"My dear brother, will you come to me? I have sore need of you. For a year past I have felt my strength failing; for the last few months matters have grown worse, till my days and nights are filled with pain and unrest; and today I have learned that the time has come for me to set my house in order, for I am to 'die, and not live.' Nay, not so: I am to pass from the land of the dying to that blest world where death can never enter.

"My physician tells me it may possibly be three months ere I reach 'that bourne whence no traveller returns,' but that in all probability I shall arrive there in less than half that time.

"And there is much I would say to you, my brother; much in which I need your kind help. You will be coming North for the hot season; I would gladly have you, your sweet wife and baby-boy spend it here with us; and to me it seems that there are few pleasanter places than this little home-nest of ours high up on the rocky banks of the grand old Hudson River. We have pure air and magnificent scenery, and it will be most comforting to me to have your loved companionship as I go down into the valley of the shadow of death.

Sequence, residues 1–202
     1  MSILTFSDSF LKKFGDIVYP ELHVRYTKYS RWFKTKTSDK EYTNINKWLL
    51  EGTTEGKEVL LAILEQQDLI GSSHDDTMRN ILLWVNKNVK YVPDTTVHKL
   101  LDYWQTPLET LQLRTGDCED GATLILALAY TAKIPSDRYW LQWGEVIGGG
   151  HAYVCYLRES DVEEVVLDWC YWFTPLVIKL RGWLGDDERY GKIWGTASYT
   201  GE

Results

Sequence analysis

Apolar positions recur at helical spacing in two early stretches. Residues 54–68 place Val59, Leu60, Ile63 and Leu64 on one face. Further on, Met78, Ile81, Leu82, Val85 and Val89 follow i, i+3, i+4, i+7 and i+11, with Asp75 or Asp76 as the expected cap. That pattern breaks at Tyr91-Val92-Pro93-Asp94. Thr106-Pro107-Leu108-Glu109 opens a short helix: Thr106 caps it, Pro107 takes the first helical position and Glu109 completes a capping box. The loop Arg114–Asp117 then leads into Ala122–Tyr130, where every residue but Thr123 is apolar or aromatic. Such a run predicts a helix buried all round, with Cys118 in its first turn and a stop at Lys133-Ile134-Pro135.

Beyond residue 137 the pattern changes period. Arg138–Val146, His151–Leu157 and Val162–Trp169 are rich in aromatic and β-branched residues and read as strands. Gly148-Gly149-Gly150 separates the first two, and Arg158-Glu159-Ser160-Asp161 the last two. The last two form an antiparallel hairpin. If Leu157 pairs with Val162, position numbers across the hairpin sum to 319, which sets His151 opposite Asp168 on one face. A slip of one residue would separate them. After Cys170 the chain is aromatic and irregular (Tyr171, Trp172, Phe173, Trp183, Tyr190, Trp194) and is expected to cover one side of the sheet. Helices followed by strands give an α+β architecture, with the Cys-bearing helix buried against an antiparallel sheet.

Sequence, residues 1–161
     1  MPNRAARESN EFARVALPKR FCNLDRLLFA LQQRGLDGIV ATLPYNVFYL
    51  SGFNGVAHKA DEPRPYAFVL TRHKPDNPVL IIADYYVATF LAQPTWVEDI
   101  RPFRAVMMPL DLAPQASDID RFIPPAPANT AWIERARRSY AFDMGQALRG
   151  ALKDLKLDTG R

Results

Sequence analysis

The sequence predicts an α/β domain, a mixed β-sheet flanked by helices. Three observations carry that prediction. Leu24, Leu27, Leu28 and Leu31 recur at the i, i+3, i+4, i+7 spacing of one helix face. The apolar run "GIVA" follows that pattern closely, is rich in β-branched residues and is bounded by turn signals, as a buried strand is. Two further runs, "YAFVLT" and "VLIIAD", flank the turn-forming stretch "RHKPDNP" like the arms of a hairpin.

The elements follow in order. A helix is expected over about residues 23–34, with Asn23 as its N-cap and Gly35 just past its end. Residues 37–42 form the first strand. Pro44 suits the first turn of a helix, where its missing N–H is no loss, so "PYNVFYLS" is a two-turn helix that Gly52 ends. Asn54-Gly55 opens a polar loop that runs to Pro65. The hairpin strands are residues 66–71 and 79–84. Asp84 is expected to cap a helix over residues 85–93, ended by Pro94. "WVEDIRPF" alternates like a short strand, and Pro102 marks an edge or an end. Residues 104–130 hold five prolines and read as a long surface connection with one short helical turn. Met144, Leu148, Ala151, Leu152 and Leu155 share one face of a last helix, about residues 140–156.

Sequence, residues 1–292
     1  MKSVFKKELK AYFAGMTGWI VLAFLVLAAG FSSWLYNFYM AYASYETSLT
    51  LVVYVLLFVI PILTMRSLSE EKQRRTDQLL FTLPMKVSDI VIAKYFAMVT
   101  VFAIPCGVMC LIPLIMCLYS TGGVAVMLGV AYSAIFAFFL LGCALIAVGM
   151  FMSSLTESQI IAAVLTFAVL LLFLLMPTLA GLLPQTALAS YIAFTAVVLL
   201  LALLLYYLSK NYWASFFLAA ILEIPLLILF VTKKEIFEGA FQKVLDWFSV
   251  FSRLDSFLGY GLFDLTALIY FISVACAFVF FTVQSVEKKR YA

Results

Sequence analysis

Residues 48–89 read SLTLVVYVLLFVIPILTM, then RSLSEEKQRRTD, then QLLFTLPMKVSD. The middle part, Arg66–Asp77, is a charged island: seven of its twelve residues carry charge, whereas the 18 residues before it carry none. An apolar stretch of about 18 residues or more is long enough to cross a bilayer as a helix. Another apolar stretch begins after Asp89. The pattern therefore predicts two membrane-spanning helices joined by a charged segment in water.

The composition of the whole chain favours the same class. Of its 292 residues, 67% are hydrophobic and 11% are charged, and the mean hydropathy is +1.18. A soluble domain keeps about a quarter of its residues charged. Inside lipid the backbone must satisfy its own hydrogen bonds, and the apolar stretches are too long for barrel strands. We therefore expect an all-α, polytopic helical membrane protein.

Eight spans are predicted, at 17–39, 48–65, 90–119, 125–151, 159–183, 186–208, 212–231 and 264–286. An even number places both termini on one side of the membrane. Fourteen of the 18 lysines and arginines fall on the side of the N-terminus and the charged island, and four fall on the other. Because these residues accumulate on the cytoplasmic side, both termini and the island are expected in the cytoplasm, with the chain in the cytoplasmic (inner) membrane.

"Thank God, it is only the shadow, and I shall go down into it leaning on the strong arm of my beloved. Jesus will be with me to the very end.

"But I may be asking too much of my sweet sister Elsie; you and she have, perchance, formed other plans more congenial to your tastes and wishes. If so, let me not interfere with them; consider my request withdrawn. Yet, shall I not have at least a sight of your loved faces ere I go hence to return no more?

"Lovingly, ERIC."

Elsie could scarce see the signature from the fast-falling tears.

"The dear brother!" she sobbed. "But, oh, Lester, be comforted! His troubles and trials are almost over, the battle nearly ended, the victory well-nigh won; and we know he will come off more than conqueror through Him that loved him!"

"Yes, I know, I know it; but he has been a dear brother to me, and, oh, how can I learn to live without him!" he answered, in tones quivering with emotion.

"'Twill only be for a time, love, and then you will be restored to each other, never to part any more forever," Elsie said softly, with her arm about her husband's neck, while her tears mingled with his, and her sweet lips were pressed again and again to his cheek.

He folded her in a close embrace.

"My dear, sweet, precious comforter," he said, "I can never be unhappy while God spares me my wife."

"Nor I, while I have you, dearest," she responded, with an added caress. "And we will go to poor Eric instead of with mamma and the rest to Nantucket."

"My sweet one, I could not ask so great a sacrifice from you," he said.

"I can hardly feel it to be such when I think of your poor brother--our brother; for is he not mine also? We will go to him instead, and I know it will be with mamma's approval, grandpa's also. Ah, here they both come!" she exclaimed, in a tone of satisfaction, as the Ion family carriage was seen approaching through the avenue.